relation with the American Museum, all warmed and humanized by the most after he had, by means of his two years loving and sympathetic temperament. in Africa, completed his magnificent
This manifold ability and multiple service to our National Museum at nature came out in the course of his Washington immediately on leaving the plans for a great expedition to South presidency. America, projected in the spring of In planning the South American 1913 and executed between October, journey, as in planning that to Africa, 1913, and June, 1914. He had selected he prepared with the utmost intellian unknown and particularly dangerous gence and thoroughness for what he region, where the native tribes had knew would be a hazardous trip, even never been thoroughly subdued by the after all precautions had been taken. Brazilian Government. He marked out With the trained assistance of his son this region as his first choice for a Kermit Roosevelt, with the South South American expedition, but I sent American experience and stalwart courword to him through Dr. Frank M. age of Mr. George K. Cherrie, and with Chapman, who was representing us in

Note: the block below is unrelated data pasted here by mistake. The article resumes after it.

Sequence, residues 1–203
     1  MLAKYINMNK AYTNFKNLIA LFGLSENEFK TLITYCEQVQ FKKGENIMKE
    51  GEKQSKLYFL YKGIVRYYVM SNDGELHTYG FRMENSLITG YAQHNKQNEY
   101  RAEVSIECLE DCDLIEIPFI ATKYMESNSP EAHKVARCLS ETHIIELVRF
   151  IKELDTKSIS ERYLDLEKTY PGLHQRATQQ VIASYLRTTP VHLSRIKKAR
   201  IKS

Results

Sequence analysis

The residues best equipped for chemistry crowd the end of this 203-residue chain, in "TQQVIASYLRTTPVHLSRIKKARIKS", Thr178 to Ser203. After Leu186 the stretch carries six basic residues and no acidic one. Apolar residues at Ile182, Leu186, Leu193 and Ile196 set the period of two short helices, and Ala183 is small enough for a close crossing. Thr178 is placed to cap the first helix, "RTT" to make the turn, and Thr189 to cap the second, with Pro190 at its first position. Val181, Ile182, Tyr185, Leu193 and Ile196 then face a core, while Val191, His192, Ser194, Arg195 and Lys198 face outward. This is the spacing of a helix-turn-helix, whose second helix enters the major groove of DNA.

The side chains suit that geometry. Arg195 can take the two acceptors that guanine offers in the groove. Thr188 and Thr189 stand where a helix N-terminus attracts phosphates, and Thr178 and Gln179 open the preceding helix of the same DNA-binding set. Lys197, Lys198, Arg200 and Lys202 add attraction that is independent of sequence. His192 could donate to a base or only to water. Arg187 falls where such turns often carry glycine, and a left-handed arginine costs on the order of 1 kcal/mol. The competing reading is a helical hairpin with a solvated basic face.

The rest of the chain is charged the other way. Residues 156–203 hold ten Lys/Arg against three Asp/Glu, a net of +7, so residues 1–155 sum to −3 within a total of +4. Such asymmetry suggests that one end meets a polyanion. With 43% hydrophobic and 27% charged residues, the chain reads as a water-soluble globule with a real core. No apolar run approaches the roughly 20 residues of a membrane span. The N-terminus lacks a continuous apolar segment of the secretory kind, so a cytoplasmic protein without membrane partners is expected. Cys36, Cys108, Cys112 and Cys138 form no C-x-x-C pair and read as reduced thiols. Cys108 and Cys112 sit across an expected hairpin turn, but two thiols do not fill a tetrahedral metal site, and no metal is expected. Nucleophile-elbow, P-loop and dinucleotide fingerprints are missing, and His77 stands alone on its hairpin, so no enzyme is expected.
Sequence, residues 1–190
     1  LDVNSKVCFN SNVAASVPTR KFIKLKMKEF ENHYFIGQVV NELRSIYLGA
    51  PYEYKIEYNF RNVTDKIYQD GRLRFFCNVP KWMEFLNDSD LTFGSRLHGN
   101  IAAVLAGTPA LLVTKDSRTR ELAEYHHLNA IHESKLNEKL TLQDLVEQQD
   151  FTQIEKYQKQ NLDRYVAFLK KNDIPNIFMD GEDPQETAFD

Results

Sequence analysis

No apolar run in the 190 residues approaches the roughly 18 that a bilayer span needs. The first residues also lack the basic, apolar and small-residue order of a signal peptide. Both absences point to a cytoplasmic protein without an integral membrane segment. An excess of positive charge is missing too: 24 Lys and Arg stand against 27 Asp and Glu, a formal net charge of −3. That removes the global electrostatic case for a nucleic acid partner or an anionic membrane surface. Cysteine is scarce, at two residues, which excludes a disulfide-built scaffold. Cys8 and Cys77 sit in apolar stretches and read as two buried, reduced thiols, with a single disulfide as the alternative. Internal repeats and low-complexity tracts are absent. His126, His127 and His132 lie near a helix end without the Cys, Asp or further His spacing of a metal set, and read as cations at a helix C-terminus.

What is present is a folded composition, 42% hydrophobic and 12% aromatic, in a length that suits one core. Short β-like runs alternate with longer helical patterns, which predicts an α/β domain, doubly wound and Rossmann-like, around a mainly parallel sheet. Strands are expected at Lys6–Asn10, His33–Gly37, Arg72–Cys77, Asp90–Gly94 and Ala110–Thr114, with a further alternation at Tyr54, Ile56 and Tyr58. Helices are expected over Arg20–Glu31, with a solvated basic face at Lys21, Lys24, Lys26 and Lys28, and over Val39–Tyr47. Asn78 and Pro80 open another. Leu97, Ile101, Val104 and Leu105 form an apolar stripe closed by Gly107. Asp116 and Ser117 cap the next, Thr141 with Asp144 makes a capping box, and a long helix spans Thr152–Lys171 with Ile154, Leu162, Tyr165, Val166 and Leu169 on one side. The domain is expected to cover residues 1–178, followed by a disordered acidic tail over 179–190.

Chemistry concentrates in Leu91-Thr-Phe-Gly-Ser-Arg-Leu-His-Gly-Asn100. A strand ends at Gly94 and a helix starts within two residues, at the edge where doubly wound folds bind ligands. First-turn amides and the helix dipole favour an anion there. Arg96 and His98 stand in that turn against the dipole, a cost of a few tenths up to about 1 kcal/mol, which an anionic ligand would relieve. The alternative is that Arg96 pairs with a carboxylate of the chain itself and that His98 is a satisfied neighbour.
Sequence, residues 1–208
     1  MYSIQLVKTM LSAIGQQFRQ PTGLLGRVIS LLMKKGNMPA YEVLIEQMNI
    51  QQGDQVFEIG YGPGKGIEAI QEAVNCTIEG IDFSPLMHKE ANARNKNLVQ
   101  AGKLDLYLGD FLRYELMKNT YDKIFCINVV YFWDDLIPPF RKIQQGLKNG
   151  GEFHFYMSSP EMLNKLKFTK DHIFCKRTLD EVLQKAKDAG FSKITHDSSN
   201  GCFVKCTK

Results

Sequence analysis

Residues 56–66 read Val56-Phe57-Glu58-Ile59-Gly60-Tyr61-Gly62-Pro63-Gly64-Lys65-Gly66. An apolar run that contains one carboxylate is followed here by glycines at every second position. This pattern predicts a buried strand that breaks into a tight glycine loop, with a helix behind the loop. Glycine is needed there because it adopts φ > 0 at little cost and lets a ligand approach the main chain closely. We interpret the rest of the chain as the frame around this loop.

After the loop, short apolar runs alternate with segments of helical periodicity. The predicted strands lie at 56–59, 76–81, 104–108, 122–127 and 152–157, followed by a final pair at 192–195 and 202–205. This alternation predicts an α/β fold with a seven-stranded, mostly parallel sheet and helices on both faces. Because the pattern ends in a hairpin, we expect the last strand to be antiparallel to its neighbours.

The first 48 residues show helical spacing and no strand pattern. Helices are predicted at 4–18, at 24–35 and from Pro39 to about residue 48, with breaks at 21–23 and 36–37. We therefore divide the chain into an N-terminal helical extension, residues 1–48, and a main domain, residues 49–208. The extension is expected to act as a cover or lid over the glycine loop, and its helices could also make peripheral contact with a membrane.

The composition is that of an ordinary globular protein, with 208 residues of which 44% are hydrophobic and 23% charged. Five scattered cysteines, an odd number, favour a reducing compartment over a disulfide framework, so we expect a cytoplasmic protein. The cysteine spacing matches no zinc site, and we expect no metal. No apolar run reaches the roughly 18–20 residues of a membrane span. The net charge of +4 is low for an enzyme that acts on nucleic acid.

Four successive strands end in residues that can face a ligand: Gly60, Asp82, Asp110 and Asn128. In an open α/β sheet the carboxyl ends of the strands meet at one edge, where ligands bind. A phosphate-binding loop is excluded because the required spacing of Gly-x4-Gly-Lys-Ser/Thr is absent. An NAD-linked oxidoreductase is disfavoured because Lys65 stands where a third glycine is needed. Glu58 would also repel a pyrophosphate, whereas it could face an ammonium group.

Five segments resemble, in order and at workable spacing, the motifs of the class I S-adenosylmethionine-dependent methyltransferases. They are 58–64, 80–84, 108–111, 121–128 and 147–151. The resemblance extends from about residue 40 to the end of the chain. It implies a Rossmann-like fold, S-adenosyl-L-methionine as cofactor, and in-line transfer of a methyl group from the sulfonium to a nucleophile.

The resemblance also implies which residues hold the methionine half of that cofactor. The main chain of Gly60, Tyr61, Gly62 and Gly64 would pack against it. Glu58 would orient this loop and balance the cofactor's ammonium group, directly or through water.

the devoted and most intelligent comthese plans, that I would never consent panionship of Colonel Candido Mariano to his going to this particular region da Silva Rondon and Mr. Leo E. under the American Museum flag; that Miller, this expedition developed into I would not even assume part of the re- the most important that has ever gone sponsibility for what might happen in from North into South America. As a case he did not return alive. With result of this expedition through Parasmile he sent back a characteristic
"My Life as a Naturalist," AMERICAN MUSEUM word: "I have already lived and en- JOURNAL, May, 1918,